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The Arrow Lakes Generating Station - Castlegar, BC
Posted by: Groundspeak Premium Member BK-Hunters
N 49° 20.467 W 117° 46.417
11U E 443803 N 5465665
Quick Description: Hugh Keenleyside Dam was built in the 1960s and is what created the Upper and Lower Arrow Lakes. The Arrow Lakes Generating Station came later, beginning in 1999.
Location: British Columbia, Canada
Date Posted: 4/18/2013 3:49:33 PM
Waymark Code: WMGX18
Published By: Groundspeak Premium Member a1elec
Views: 2

Long Description:
Keenleyside Dam is 853.4 m (2,800 ft) long - partially earth fill and partially concrete. Primarily to serve the lumber and pulp mill just downstream, a lock was included in the dam, enabling the passage of logs being floated downstream to the mill. The lock is also available for private boaters to use, allowing recreational access to the 232 km (145 mi) of lake upstream. Use is free, but lumber mill traffic has priority.

The dam was built as a part of Canada's obligation to The Columbia River Treaty. (visit link)
Its central purpose is twofold - flood control downstream for BC, Washington and Oregon, and to store water for hydroelectric production downstream. Added benefits of its presence are the creation of a 145 mile long lake for fishing and recreation and power production.

The Arrow Lakes Generating Station was added later, with construction beginning in 1999, after three years of planning, community consultation, environmental studies and reviews. Completion and startup occurred in 2002. This was the first joint project between Columbia Power Corp. and Columbia Basin Trust, costs and revenue being shared equally. It is fed by a separate intake channel 1500 metres long and 37 metres deep.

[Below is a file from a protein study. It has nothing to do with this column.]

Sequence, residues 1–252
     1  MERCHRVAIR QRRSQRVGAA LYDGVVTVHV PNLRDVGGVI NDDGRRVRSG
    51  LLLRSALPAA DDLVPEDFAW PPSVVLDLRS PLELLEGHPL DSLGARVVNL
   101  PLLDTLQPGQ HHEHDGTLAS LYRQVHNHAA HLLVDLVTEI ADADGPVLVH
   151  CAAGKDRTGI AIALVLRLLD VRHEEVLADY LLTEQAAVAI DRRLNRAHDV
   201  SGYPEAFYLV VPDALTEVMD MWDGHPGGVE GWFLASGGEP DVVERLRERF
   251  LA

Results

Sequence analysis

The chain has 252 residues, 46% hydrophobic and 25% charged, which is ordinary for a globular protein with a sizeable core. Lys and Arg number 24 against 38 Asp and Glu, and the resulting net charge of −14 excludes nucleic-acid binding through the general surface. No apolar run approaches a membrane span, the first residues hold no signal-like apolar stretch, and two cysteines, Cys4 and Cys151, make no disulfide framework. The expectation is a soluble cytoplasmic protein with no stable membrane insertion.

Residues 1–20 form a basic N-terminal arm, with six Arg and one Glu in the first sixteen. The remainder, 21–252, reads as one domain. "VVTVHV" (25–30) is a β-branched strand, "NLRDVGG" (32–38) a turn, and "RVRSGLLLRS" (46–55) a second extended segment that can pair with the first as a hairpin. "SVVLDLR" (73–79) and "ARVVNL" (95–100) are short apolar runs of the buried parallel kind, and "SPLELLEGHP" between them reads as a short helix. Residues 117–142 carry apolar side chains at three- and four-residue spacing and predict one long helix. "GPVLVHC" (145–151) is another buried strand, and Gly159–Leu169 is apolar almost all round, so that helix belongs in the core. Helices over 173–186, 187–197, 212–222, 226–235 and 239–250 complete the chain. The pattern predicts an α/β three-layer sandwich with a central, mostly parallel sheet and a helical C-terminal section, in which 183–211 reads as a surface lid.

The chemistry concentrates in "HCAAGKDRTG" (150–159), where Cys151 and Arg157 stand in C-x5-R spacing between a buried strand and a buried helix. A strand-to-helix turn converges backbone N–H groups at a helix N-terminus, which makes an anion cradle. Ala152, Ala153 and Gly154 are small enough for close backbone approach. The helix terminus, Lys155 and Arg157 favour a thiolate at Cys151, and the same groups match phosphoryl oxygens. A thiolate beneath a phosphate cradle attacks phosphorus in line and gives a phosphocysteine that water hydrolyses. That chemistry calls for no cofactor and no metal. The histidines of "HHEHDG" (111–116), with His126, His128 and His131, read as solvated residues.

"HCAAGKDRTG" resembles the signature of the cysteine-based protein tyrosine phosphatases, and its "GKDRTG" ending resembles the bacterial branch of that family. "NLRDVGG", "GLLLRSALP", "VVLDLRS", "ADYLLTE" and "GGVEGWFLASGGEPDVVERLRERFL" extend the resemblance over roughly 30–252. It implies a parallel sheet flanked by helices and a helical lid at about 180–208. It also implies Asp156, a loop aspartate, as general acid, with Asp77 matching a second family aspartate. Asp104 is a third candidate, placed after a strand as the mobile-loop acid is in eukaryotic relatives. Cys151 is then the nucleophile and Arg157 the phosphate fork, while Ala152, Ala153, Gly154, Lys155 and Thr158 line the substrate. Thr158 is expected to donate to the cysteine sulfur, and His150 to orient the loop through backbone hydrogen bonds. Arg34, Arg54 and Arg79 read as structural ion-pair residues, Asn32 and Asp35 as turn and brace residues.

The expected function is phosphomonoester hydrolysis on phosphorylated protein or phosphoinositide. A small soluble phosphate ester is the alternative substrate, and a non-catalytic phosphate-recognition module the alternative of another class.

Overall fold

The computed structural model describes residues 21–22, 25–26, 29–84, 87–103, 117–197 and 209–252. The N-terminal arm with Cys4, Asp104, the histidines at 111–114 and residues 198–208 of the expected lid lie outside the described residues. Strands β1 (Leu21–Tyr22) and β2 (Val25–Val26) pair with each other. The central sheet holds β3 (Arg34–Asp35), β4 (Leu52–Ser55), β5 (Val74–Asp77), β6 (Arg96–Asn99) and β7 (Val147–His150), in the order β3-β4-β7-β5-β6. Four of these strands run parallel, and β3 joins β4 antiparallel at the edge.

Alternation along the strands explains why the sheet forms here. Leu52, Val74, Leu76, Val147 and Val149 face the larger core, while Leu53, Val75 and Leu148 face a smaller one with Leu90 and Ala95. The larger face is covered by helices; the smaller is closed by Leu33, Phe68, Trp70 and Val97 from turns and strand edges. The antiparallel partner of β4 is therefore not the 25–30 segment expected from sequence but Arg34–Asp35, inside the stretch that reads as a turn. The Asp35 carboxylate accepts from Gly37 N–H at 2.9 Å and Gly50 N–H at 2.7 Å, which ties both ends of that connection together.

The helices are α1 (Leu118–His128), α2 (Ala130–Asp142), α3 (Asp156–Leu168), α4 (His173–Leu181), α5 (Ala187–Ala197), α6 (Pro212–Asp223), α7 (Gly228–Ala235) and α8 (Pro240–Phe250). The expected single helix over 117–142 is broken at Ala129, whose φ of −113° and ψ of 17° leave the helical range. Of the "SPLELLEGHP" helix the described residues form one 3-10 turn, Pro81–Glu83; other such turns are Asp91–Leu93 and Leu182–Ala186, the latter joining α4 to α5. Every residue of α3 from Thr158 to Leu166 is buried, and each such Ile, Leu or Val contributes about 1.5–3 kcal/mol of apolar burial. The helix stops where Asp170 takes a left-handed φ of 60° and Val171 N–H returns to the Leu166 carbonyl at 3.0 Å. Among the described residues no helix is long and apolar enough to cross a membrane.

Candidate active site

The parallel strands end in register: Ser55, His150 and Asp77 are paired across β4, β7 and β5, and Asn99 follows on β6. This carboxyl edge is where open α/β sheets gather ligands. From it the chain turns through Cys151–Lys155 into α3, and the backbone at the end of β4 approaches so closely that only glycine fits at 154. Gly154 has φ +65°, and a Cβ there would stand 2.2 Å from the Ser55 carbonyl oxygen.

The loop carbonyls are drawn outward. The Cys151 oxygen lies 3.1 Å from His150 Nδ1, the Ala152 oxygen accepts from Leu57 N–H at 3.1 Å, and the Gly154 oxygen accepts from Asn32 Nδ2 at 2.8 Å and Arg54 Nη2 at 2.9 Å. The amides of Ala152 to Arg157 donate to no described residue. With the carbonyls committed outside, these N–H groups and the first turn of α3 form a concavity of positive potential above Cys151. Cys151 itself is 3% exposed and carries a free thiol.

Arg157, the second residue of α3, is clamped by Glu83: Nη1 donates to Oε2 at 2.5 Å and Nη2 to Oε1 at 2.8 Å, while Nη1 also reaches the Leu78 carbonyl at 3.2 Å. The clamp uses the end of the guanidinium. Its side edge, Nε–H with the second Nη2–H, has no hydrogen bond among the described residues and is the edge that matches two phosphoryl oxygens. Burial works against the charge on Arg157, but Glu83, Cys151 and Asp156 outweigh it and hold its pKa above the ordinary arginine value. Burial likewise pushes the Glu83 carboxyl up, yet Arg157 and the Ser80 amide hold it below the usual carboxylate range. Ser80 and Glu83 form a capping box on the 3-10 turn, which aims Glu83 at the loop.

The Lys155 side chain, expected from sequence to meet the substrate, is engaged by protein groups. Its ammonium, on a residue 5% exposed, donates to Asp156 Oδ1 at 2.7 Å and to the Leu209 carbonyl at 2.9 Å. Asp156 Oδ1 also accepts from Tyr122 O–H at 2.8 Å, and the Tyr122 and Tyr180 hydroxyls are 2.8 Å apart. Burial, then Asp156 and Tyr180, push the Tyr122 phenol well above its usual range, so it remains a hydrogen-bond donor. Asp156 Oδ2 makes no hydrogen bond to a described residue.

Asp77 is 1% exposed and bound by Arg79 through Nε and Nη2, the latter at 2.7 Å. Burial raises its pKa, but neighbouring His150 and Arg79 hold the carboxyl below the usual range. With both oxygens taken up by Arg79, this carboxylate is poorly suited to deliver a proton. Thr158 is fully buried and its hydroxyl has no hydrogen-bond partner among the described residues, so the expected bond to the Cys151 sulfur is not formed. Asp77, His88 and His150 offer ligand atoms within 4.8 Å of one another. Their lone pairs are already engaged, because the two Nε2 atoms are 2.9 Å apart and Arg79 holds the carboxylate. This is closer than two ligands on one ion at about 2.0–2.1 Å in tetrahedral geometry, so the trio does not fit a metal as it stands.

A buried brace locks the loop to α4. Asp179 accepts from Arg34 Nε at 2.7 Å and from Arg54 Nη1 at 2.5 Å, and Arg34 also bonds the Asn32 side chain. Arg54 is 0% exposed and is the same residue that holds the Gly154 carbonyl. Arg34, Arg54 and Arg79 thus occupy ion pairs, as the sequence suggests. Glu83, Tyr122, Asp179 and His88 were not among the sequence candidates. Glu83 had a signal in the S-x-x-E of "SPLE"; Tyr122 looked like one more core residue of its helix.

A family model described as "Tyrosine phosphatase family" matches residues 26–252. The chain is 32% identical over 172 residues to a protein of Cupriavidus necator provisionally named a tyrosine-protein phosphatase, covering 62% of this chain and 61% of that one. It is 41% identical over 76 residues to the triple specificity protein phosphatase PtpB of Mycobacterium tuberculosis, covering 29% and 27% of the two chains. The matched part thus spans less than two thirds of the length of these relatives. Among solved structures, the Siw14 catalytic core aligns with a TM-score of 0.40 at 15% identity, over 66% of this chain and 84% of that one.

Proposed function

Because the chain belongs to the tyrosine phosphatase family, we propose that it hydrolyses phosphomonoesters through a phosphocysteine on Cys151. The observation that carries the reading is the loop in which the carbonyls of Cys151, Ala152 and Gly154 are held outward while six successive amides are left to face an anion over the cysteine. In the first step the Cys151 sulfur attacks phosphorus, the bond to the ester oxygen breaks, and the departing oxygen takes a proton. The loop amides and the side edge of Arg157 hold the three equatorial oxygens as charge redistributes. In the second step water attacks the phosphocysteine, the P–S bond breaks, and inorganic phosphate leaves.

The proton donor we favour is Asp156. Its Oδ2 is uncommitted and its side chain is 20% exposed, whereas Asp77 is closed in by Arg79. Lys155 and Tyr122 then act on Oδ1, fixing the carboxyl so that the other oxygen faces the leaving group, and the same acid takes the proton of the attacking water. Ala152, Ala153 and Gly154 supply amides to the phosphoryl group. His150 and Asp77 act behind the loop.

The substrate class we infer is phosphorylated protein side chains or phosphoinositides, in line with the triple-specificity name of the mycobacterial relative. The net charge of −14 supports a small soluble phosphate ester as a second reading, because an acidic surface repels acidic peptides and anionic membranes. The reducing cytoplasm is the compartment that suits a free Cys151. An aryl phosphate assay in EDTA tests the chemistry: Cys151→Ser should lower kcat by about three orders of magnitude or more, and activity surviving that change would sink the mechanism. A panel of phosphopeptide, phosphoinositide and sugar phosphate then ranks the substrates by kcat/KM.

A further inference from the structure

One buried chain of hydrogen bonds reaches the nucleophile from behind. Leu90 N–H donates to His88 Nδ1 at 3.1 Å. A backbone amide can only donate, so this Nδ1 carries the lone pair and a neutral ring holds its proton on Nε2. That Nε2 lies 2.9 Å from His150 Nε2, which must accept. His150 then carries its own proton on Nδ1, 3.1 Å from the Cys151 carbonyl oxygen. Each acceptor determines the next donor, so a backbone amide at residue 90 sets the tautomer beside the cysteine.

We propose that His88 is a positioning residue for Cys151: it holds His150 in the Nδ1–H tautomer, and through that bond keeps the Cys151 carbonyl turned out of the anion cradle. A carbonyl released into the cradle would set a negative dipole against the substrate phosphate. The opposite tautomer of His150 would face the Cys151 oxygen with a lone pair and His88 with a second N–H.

The powerhouse is 18 storeys tall with 14 storeys underground. Inside are two "fish friendly" Kaplan Turbines capable of producing a total of 185 megawatts of electricity. Each turbine runner is 8.1 metres in diameter and weighs 598 metric tonnes. The station is capable of supplying all the electrical needs of all the homes and small businesses in the West Kootenay. It is connected to the BC Hydro grid via a 48 km. long transmission line.

Keenleyside Dam was named in honour of Hugh Llewellyn Keenleyside, who was the Canadian ambassador to Mexico from 1944 to 1947. He also served as chairman of the British Columbia Power Commission and co-chairman of the British Columbia Hydro and Power Authority from 1962 to 1969.
Operational: yes

Type of power station: Conventional (dams)

Type of turbine: Kaplan

Operator: Columbia Power Corp. & Columbia Basin Trust

Visitor center: no

Date built: 1/1/2002

Generation capacity: 185 mega-watts

Visit Instructions:
For posting a log to an existing waymark, you will need to post a unique picture of the power station. If is not open to the public, please do not enter private property. A picture from the distance is sufficent. If it's possible to enter the machine hall, a picture of it would be nice. Please add some additional informations if possible.
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